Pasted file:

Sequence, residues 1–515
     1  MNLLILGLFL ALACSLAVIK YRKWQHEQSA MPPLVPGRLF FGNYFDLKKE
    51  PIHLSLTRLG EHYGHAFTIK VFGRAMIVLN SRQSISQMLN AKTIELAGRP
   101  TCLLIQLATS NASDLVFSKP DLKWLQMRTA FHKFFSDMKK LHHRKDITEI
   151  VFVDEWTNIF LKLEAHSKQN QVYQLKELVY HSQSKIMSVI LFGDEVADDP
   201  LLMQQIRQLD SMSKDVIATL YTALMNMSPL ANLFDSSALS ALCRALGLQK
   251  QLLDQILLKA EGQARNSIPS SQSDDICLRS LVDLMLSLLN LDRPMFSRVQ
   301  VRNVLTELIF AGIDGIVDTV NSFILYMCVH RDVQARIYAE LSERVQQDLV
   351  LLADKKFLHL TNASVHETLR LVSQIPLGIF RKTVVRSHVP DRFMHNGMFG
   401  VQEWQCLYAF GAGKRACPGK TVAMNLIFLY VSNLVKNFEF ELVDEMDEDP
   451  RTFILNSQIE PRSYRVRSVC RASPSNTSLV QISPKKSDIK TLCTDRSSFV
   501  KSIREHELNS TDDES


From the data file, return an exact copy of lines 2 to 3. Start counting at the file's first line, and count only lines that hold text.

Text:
     1  MNLLILGLFL ALACSLAVIK YRKWQHEQSA MPPLVPGRLF FGNYFDLKKE
    51  PIHLSLTRLG EHYGHAFTIK VFGRAMIVLN SRQSISQMLN AKTIELAGRP